Frederic C. Smedley, a lawyer and peace activists, presents Dr. King with a proposed plan aimed at applying pressure on President Johnson and other political leaders to end the war in Vietnam. The plan includes such actions as bombarding Congress with letters, demanding that President Johnson resign, and urging Republicans to nominate a ticket with candidates in support of an anti-Vietnam war policy. If none of the suggestions are effective, Smedley encourages a push for an independent ticket.

Letter from Gary L. Garber to MLK from Grace College

Gary L. Gerber writes Dr. King concerning Grace College's participation in Choice '68, which is a National Presidential Primary sponsored by Time Magazine.

Letter from H. W. Brown to MLK

H. W. Brown, a pastor at Bethel Baptist Church and proponent of Bahamas' Progressive Liberal Party, writes to Dr. King, asking him to be their honored speaker at a pre-election rally. Brown asks if Dr. King would also deliver the sermon at his church the morning of the rally.

Letter from Harold Eggers to MLK

In this letter Harold Eggers, a White supremacist, criticizes the African American race, for what Eggers perceives as an inability to recognize "real leadership ability." However, he does this while commending Dr. King for possessing "real leadership ability."

Letter from Harris McDowell, Jr. to MLK

Representative Harris McDowell, Jr. writes Dr. King stating that he voted against seating the Mississippi delegation. McDowell states, "I appreciate having your views regarding this important problem."

Letter from Harry Daniels to MLK

This letter from Mr. Harry Daniels to Dr. King addresses, among other things, Medicare, the upcoming presidential election, and government lending.

Letter from Irene Zimmerman to MLK

Miss Zimmerman expresses disapproval in Dr. King's support of Adam Clayton Powell.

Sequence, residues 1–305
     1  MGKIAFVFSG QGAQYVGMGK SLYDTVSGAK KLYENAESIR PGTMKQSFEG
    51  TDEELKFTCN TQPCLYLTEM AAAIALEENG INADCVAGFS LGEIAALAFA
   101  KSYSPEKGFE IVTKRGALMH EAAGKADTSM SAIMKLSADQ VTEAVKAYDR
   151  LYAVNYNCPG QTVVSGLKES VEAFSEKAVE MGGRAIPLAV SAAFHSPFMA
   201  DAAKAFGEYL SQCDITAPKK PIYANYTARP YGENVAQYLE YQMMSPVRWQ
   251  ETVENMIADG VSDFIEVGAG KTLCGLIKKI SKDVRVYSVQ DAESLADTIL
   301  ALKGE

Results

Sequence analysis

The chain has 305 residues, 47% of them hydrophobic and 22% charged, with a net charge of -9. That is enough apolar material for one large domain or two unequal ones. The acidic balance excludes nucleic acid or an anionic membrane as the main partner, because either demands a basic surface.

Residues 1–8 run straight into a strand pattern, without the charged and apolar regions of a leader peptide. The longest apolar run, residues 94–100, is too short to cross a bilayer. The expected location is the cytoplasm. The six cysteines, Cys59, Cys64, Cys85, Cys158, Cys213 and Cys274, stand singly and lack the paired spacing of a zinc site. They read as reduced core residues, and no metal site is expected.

Letter from Jacob H. Gilbert to MLK

Congressman Gilbert writes Dr. King to thank him for his letter and copy of his book "Why We Can't Wait." Prior to the vote to seat the Mississippi delegation, Dr. King contacted several government officials urging them to vote against the seating. Congressman Gilbert states that he objected to the seating albeit unsuccessfully.

Letter from James E. Byrd to MLK

James E. Byrd, Campus Coordinator at Lenoir Rhyne College, writes Dr. King requesting materials for the Choice '68 campaign.

Letter from James H. Scheuer to MLK

James H. Scheuer, a representative of the United States Congress, informs Dr. King about the dismissal of the Mississippi challenge. Despite this action, Scheuer asserts that the attention received is a victory within itself. He concludes by stating "We must all work together to insure maximum enforcement of the Voting Rights Bill".

Letter from John A. Race to MLK

Congressman Race of Wisconsin thanks Dr. King for his letter concerning the seating of the Mississippi Delegates. Race seems to suggest that he was of the majority who "did authorize their formal acceptance" although he states that he was in the "minority."

Letter from John Lewis to MLK Regarding the Mississippi Freedom Democratic Party

In this letter, John Lewis encourages Dr. King to start a letter writing campaign to prevent the illegal election of Representatives from Mississippi. Lewis offers Dr. King assistance from the Student Nonviolent Coordinating Committee.

Letter from John R. Hanson to MLK

Congressman Hansen of Nebraska thanks Dr. King for the telegram he sent urging House Representatives to vote against the seating of the Mississippi Delegation. The Democratic Representative informs Dr. King that he was one of the 86 Congressmen "who requested a roll call vote on the issue."

Letter from John W. Wydler to MLK

Congressman Wydler of New York responds to Dr. King's letter on the seating of the Mississippi delegation to Congress. Dr. King's letter, sent to several government officials prior to the vote, urges House Representatives to vote against the seating of the current delegation.

Letter from Josephine Baker to MLK

Dancer, singer, and actress Josephine Baker writes Dr. King to share her views on the current political climate of the United States of America. Her belief is that the best chance of retaining and continuing the progress made by John F. Kennedy is to re-elect Lyndon B. Johnson for President and Robert Kennedy as a New York Senator.